My understanding is that this is your sixth annual tour as the Allman Family Revival and that this year also serves to commemorate the 50th Anniversary of the EAT A PEACH album. Many would consider Eat a Peach to be your father and the Allman Brothers Band's best album. Tonight, we were treated to performances of Ain't Wasting Time No More, Blue Sky and Melissa.
Your show opened with Wash in G-minor, Fired Up, and Sahara, an instrumental with an Arabian feel and imagery. We all enjoyed the psychedelic kaleidoscope imagery and the 4-piece percussion section which included Alex Orbison (son of Roy Orbison) and John Lum on drums. R. Scott Bryant and David Gomez served as your percussionists. Jackson Stokes was an enthusiastic guitar partner during the opening segment. Stokes is a co-writer on your Billboard Blues #1 album "RIDE OR DIE" and member of The Devon Allman Band as well as your first artist signing at Create Records.
Duane, son of Dickey, then joined you onstage for a delightful rendition of Blue Sky. Later in the show you mentioned that instead of having them sit under glass somewhere, you brought out your father's guitars. Duane got killer tone out of his classic gold top Les Paul. Luther Dickinson (son of recording artist and producer Jim Dickinson) provided some stellar guitar work mostly on a Gibson 335. It was fun to see him sit in on keys. Luther is the front man for the North Mississippi Allstars and also appeared on your solo debut album.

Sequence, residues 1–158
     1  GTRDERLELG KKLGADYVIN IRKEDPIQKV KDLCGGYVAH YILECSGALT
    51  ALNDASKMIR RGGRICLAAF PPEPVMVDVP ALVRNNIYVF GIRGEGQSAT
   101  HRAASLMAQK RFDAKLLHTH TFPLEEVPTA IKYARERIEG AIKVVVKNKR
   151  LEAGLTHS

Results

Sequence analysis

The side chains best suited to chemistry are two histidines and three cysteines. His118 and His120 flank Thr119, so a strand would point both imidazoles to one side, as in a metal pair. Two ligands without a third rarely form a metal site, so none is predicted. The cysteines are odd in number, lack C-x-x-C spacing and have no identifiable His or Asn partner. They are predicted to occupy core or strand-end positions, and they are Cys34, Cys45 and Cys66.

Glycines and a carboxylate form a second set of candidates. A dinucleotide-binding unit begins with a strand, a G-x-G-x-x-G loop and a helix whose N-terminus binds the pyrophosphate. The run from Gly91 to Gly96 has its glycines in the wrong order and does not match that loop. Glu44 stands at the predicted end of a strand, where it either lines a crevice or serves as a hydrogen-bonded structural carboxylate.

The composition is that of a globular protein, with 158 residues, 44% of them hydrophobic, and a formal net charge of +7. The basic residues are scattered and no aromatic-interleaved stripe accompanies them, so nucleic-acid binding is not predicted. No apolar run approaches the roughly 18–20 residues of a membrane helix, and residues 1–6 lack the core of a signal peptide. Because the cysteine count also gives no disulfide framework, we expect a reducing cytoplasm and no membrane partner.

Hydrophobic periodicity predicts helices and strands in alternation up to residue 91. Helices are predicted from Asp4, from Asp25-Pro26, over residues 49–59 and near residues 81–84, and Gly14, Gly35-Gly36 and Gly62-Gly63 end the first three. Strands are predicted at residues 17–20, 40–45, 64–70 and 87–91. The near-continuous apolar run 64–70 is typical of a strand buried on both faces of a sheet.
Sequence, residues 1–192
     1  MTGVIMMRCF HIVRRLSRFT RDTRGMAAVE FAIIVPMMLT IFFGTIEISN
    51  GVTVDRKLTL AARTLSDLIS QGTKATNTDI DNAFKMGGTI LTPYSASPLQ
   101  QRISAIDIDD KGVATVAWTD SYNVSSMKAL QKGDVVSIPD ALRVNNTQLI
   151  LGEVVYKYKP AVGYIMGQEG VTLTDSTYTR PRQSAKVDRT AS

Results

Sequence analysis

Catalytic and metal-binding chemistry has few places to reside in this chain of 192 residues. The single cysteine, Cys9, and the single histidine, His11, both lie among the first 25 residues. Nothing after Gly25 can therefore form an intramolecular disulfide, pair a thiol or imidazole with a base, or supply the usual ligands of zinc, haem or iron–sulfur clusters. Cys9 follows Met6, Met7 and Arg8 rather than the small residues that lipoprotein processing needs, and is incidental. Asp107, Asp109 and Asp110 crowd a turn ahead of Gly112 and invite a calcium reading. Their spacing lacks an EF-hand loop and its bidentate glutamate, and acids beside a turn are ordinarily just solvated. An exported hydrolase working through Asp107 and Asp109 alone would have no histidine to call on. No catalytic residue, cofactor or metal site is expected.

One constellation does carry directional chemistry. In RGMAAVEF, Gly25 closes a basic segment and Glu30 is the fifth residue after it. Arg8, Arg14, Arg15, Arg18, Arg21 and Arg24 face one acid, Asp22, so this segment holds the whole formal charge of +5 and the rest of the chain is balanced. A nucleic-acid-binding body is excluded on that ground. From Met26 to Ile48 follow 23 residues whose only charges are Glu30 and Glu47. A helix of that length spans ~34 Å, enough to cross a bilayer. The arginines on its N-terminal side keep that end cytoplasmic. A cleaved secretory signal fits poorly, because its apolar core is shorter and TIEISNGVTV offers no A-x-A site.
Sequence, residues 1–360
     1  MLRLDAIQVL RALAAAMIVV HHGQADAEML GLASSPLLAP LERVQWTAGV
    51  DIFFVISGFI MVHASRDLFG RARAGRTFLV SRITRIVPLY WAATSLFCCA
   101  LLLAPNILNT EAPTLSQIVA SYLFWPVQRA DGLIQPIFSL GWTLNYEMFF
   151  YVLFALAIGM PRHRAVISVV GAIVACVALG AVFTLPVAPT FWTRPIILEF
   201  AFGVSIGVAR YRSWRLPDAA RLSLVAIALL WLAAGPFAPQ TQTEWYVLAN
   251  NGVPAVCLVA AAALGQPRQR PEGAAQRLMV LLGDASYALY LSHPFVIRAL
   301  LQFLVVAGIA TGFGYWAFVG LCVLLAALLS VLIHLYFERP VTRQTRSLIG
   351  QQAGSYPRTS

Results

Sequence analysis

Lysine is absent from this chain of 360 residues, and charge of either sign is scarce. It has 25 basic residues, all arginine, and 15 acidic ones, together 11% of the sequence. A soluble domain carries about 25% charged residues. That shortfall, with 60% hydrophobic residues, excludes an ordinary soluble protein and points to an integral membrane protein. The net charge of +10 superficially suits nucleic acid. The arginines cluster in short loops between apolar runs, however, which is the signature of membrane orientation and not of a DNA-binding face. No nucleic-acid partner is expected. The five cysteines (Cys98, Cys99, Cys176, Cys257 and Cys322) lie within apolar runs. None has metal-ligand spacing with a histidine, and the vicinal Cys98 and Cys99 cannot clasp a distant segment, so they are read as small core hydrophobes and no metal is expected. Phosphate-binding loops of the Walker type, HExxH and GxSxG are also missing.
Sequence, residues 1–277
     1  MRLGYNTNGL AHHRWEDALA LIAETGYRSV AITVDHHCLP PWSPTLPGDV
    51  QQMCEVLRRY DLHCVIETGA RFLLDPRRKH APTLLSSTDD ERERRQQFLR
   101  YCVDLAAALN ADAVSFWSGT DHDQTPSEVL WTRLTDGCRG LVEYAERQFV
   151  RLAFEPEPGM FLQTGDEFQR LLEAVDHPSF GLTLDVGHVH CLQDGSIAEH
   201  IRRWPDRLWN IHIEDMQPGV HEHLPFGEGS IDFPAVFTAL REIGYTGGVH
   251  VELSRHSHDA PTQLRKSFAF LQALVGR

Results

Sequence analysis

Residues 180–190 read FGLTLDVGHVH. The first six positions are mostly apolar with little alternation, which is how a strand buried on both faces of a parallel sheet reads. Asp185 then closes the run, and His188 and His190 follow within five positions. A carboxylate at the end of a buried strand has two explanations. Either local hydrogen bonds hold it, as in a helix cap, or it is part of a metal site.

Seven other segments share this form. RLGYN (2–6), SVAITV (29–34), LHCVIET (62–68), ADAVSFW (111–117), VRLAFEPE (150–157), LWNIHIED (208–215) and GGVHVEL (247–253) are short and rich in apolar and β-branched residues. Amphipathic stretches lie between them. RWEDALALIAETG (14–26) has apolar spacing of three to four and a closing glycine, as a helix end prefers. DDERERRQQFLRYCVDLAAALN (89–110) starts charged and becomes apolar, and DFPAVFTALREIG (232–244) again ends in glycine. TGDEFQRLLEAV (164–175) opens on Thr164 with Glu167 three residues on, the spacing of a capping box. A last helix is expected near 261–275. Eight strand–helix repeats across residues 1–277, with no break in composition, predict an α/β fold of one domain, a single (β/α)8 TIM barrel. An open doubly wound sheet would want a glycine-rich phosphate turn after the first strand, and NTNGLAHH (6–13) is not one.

Create Records recording artists The River Kittens performed Greg's Come and Go Blues, Larry McCray, sporting a Gibson Flying V performed a version of Warren Haynes' Soulshine. Larry recorded a moving gospel inspired version of the song in 1993, a year before the Allman Brothers Band released their version.
Jimmy Hall was a member of several Greg Allman and Friends Tours in the mid 1990s. Hall recorded 7 albums with Capricorn Records, a storied southern rock label. Duane Allman was recruited by Capricorn founder Phil Walden after he heard Duane play on a FAME Studios (Muscle Shoals) recording of Wilson Pickett. It is claimed that Allman and Walden jointly put together the Allman Brothers Band. Music historians cite the group's third release, At Fillmore East, as the impetus of the rise of southern rock as a popular music genre. At Fillmore East was the first gold album for both the band and label. The partnership would garner more top-charting releases with Eat a Peach, Brothers and Sisters, and Win, Lose or Draw (Wikipedia) & other notable Allman Brothers tunes performed during the evening were Statesboro Blues (with Hall), Dreams and Southbound.